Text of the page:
• 1900: Building of the Teufel company, Neckarstrasse, Stuttgart
  • 1901: Villa Schliz in Heilbronn, Alexanderstraße 53
  • 1901–02: “Röteburg” in Stuttgart, Rötestraße 12–16[6]
  • 1902: Citizens' Hall in Stuttgart
  • 1902: Villa Java in Stuttgart, Stafflenbergstrasse 34 [6]
  • 1902: Houses at Herdweg 96–98, Stuttgart-Relenberg [6]
  • 1902: Apartment building at Alexanderstraße 118, Stuttgart [6]
  • 1902: Group of apartment buildings at Paulusstrasse 4–10, Stuttgart [6]
  • 1903: Villa, Valentin-Becker-Straße 29, Bad Brückenau
  • 1904: Roigelhaus for the Royal Society Roigel, Tübingen
  • 1904–07: Villa Hohenstein (Villa Franck), Hohenstein 1, Murrhardt
  • 1904–06: Reconstruction of the public buildings in Ilsfeld after the city fire of 1904
  • 1905–06: Reconstruction of the Bartholomäuskirche in Ilsfeld
  • 1905–06: Partial new construction of the Protestant Martinskirche in Ebingen
  • 1906–07: Villa in Stuttgart-Relenberg, Herdweg 10 [6]
  • 1906: Villa Malabar in Stuttgart, Stafflenbergstrasse 36
  • 1908: Stadtbad in Ludwigsburg
  • 1908–09: Villa Schöttle in Stuttgart-Sonnenberg, Falkenstrasse 8 [6]
  • 1910: Bühler leather furniture factory, Rosenbergstrasse, Stuttgart
  • 1910–11: Villa Gut Berneck, Schramberg (for the entrepreneur Arthur Junghans) [7]
  • 1911: Schiller-Mörike-Gymnasium, Ludwigsburg
  • 1911: Emil Kienlin villa, Mörikestrasse 4, Esslingen am Neckar
  • 1913–1914: Heidenheim concert hall
  • 1922: Villa in Stuttgart, Feuerbacher Heide 49 [6]
  • 1922: Villa in Stuttgart, Salzmannweg 11 [6]
  • 1924: Villa Mayser, Eduard-Pfeiffer-Strasse 20, Stuttgart [6]
  • 1922–1923: Houses at Ganghoferstraße 24 and 28, Stuttgart-Lenzhaide [6]
  • 1925–26: Ufa-Palast cinema (later Metropol), Bolzstrasse 10, Stuttgart [6]
  • 1928: Hindenburgbau office and commercial building (with Germany's largest concert café at the time) opposite Stuttgart Central Station [6]
  • before 1933: Lutheran Church in Stuttgart-Feuerbach[8]

Further readingEdit

  • Der Baumeister 5, no. 5 (1907), pp. 51–58.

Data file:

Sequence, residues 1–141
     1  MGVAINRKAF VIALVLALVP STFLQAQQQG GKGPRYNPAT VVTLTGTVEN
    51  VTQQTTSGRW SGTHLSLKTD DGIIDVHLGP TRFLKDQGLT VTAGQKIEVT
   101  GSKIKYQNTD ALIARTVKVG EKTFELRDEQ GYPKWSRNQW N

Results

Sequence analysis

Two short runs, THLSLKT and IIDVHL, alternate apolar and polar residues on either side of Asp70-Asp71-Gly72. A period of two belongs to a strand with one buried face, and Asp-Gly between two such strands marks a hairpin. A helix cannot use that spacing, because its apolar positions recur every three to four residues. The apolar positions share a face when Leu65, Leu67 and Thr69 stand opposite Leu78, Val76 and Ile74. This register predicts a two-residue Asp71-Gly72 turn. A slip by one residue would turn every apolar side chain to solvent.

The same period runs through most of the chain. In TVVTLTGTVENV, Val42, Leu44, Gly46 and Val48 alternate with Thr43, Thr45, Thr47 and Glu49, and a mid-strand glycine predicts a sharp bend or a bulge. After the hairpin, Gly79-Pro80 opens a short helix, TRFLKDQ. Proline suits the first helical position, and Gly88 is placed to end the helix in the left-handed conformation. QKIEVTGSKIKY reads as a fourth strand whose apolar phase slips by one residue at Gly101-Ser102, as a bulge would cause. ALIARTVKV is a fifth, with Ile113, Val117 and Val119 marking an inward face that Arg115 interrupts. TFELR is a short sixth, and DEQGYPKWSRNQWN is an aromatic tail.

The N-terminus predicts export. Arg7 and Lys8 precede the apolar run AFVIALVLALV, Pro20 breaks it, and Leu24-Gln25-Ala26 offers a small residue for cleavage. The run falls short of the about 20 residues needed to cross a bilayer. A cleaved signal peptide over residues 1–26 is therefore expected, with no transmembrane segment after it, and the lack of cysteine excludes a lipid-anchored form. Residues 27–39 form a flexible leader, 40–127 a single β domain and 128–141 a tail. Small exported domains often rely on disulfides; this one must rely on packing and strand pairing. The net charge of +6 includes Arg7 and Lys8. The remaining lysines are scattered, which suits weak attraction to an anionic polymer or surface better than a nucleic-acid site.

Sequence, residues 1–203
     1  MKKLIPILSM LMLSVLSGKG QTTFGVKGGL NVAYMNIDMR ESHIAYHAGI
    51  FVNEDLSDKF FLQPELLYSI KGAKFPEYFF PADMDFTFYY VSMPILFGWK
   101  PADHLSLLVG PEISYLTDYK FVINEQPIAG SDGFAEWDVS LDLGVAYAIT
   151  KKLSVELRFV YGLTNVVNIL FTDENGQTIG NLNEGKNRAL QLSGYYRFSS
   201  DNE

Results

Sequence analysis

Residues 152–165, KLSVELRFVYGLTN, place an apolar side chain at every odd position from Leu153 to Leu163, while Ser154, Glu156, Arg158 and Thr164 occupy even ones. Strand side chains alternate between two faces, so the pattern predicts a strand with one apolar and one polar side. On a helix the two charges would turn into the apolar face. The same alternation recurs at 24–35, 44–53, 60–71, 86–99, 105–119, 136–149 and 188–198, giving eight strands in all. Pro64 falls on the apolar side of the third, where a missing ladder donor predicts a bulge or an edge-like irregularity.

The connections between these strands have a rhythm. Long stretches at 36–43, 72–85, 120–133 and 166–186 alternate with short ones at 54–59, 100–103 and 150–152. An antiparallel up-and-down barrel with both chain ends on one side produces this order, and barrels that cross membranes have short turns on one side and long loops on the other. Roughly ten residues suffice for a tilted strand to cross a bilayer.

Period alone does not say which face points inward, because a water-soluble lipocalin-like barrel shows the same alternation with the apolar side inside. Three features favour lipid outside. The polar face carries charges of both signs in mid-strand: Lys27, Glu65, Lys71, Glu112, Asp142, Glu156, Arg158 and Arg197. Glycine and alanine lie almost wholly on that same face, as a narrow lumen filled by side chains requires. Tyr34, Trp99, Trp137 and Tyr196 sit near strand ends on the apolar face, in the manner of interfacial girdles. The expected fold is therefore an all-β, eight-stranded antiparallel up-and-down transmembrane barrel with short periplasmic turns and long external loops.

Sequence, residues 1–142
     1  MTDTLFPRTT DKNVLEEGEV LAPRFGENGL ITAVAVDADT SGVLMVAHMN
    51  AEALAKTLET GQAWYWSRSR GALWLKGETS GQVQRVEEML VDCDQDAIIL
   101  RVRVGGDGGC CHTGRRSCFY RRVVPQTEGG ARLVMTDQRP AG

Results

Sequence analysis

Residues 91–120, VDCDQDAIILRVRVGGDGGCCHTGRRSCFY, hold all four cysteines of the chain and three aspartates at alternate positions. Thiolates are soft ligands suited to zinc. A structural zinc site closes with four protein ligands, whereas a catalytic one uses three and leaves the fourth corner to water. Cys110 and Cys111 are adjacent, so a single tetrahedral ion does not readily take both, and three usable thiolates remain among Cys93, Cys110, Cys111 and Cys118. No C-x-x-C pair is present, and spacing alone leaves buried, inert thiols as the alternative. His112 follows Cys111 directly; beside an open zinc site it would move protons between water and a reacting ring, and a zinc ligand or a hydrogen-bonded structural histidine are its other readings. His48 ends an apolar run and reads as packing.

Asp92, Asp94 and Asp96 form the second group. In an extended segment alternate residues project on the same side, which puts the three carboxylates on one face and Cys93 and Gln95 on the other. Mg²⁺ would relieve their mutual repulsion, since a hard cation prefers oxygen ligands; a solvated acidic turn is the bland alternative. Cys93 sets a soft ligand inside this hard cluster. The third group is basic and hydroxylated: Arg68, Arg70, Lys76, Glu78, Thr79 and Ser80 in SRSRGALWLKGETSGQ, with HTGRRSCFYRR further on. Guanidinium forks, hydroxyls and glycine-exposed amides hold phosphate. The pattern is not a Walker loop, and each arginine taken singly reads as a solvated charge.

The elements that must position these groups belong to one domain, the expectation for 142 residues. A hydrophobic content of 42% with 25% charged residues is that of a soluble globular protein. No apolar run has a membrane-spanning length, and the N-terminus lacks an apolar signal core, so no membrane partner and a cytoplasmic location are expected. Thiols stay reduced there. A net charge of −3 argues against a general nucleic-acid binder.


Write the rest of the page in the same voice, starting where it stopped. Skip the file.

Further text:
• Der Baumeister 10, no. 3 (1912), pp. 33–36.
  • Der Profanbau 10, no. 3 (1914), pp. 70–88.
  • Zentralblatt der Bauverwaltung 36, no. 37 (1916), pp. 253–57.
  • Christine Breig, Der Villen- und Landhausbau in Stuttgart 1830–1930 (2000).
  • Ingrid Helber, Kunst- und Kulturdenkmale im Zollernalbkreis (2001).
  • Helmut Weimert, Historisches Heidenheim (2001).
  • Michael Ruhland, “Sitz einer kgl. Gesellschaft. Das Roigelhaus in Tübingen,” in Denkmalpflege in Baden-Württemberg. Nachrichtenblatt des Landesdenkmalamtes 31, no. 2 (2002).
  • Karlheinz Fuchs, Baukunst im deutschen Südwesten. Architekten und Baumeister aus acht Jahrhunderten (2004), pp. 177–79.
  • Landesdenkmalamt Baden-Württemberg, Denkmaltopographie Baden-Württemberg vol. 1, Stadt Ludwigsburg (2004).
  • Gert Kähler, Villen und Landhäuser des Kaiserreichs in Baden und Württemberg (2005).

ReferencesEdit

  1. ^ ”Schmohl & Stähelin,” Tuepedia
  2. ^ a b c d e f g Baurat Georg Staehelin, Architekt at archINFORM. Retrieved 2 October 2021.
  3. ^ a b c d e f g Alfred Lutz, “Paul Schmohl: Biographie” in Württembergische Biographien 2 (2011), pp. 253–56; text available on Landeskunde Entdecken Online–Baden-Württemberg [1] (accessed 2 October 2021)
  4. ^ Deutsche Bauzeitung 42 (1908), p. 657.
  5. ^ Christian Otto, “Modern Environment and Historical Continuity: The Heimatschutz Discourse in Germany,” in Art Journal 42, no. 3 (1983): 143–57 [2]
  6. ^ a b c d e f g h i j k l m Denkmalliste Stuttgart (PDF; 501 kB)
  7. ^ "100 Jahre Gut Berneck - Ein Villa und ihre Zeit," [3] (accessed 19 Decembver 2019).
  8. ^ Walter Distel: Protestantischer Kirchenbau seit 1900 in Deutschland. (Zürich, 1933), p. 70. (Grundriss der Kirche) (online als PDF-Dokument mit ca. 6 MB)